Tough call. I’d have a go at Homi Byramji's excellent presentation at the recent London conference (the slides are now available, and we hope to have a podcast as well). At this point, finance professionals are reasonably satisfied with the information and tools they can buy from suppliers like Thomson Reuters and others, despite of all the known shortcomings (i.e., delay, errors, normalization).
That said, there are some intriguing results from the CFA Institute survey I mentioned before: across all respondents (including portfolio managers, investment advisors, academics), the split between "most to all" manual extraction of information from company sources as opposed to purchases from third-party suppliers is almost even at 52:48. Looking at more specialized investment analysts, however, there is a remarkable shift towards manual extraction. It seems paradoxical, but automation is lowest for those respondents who perform analysis on a regular and recurring basis. The only reason I can think of for that is that the data supplied by third parties is insufficient for the information requirements of those specialists. They will probably be better served by XBRL information "as reported,” assuming that disclosure neutrality holds.
But then, third-party suppliers will not sleep. They'll improve their offering by building XBRL data into the plumbing of their systems. Through this, finance professionals will get access to XBRL-grade information through the known and tested user interface of the suppliers' toolboxes without having to bother about XBRL -- for a price. Those incumbents will be quite formidable and deep-pocketed competitors for newcomers to beat.
But that's not the end of story. The really interesting, potentially disruptive innovation (for investment research) might happen when a large universe of XBRL instances resides in the cloud and is accessible to semantic Web services, driven by the cognitive surplus of "amateur" investors outside of traditional finance firms. But before that can happen, a number of challenges need to be overcome. I'm watching closely.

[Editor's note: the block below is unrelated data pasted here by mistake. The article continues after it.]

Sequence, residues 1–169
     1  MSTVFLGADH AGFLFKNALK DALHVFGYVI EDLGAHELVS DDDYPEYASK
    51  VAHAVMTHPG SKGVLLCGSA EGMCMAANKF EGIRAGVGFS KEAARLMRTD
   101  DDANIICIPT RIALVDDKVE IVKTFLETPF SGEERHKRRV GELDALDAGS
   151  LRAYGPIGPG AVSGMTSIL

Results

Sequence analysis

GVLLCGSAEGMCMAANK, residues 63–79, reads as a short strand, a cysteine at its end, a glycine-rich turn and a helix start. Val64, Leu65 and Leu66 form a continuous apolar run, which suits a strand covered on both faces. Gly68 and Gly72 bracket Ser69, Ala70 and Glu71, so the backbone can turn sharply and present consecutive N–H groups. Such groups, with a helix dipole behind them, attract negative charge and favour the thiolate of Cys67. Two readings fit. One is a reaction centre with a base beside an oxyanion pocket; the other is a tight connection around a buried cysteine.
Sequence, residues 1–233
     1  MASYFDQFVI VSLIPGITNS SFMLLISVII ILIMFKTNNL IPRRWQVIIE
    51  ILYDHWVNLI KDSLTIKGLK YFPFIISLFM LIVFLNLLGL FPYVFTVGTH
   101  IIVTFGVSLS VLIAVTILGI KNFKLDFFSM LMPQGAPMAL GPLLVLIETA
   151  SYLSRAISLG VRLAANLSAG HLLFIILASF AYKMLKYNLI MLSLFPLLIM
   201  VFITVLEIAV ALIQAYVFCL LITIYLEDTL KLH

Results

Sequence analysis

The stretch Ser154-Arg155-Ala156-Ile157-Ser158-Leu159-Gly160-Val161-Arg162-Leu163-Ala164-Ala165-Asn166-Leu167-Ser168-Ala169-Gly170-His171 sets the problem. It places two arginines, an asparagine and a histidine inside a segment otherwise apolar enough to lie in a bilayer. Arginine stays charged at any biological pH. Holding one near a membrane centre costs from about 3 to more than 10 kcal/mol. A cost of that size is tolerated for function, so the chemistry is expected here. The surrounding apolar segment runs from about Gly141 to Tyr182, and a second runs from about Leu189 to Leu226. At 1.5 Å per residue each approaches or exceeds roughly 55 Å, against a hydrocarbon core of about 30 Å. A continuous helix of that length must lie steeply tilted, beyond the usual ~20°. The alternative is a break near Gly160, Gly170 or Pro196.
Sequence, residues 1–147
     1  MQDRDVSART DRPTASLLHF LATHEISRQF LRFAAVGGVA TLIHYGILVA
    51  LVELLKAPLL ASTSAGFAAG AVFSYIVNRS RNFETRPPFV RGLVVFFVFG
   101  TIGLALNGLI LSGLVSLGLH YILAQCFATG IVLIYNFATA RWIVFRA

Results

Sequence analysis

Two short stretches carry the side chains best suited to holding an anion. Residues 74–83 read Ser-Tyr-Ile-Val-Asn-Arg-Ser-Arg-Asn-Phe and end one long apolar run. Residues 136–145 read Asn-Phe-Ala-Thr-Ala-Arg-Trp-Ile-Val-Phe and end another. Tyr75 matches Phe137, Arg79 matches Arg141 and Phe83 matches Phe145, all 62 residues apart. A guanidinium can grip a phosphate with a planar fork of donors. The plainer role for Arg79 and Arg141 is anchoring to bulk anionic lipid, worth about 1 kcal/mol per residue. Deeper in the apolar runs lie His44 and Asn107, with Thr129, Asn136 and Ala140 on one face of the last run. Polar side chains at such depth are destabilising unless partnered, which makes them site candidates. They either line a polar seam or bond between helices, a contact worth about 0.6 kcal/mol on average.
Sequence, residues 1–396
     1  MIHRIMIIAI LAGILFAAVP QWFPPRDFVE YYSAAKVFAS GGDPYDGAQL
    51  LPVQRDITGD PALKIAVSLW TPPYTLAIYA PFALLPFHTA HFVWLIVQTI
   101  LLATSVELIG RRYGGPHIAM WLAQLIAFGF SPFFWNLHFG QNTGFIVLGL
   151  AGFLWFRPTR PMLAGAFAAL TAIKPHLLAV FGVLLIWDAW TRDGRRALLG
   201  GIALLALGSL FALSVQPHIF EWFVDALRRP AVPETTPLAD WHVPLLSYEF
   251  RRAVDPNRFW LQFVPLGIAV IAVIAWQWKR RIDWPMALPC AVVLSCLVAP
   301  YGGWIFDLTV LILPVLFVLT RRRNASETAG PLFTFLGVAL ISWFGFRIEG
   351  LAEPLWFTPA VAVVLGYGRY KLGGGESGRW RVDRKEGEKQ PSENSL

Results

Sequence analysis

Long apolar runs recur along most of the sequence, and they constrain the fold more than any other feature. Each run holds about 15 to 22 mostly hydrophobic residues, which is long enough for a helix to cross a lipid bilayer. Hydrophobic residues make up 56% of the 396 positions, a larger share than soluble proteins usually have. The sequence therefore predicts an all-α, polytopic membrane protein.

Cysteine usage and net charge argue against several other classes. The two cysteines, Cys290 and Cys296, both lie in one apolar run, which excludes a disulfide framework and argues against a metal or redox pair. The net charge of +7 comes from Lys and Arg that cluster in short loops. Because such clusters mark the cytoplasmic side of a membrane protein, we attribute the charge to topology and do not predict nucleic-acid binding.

5. There’s been much discussion about how XBRL will change the nature of financial reporting by facilitating EBR, real-time delivery of KPIs, and enhanced narrative reporting. How do you see the impact of XBRL on innovative methods in financial reporting?
It's a prerequisite. Financial reporting today is too much about presentation, too little about substance. That can only change when presentation becomes virtually irrelevant in XBRL instances. There is a risk, however, that XBRL introduces additional complexity into the reporting process that is not warranted by supply chain needs. One case in point is the use of extensions, which needs to be severely curtailed in order to retain comparability. Also, innovation has about as bad a name in finance today as creative accounting had in post-Enron days -- our heartfelt thanks go to the crisis, again. But once the crisis has blown over, we can get back to the business of innovating its reporting, as described in the CFA Institute's Comprehensive Business Reporting Model, for instance.
6. Can you perceive any differences between Europe and the US in the speed and nature of XBRL implementation that arise from different business cultures and different attitudes toward government?
Generally, business cultures and attitude towards government vary widely between countries in Europe, so it's virtually impossible to identify a single European culture or attitude that could be contrasted with its US counterpart. But those influences will be at work in individual countries, of course.
7. You have been a keen observer of XBRL and the financial community for many years. Have there been any surprises for you in the speed and nature of XBRL implementation, or has it proceeded about as you had expected?
Does it sound conceited if I say “no surprises?” My first exposure to XBRL was about six years ago. At that point, XBRL was just another wannabe standard arising from the technology domain. There was little reason to believe it might grow to the role it has today, because it was a technical specification that was not complemented by a commensurate business standard. All that changed when the IASB adopted XBRL as its reporting medium of choice to stop killing trees. That's when I changed my mind. It has been exciting to watch the momentum of XBRL grow since then, and I'm looking forward to its fruition.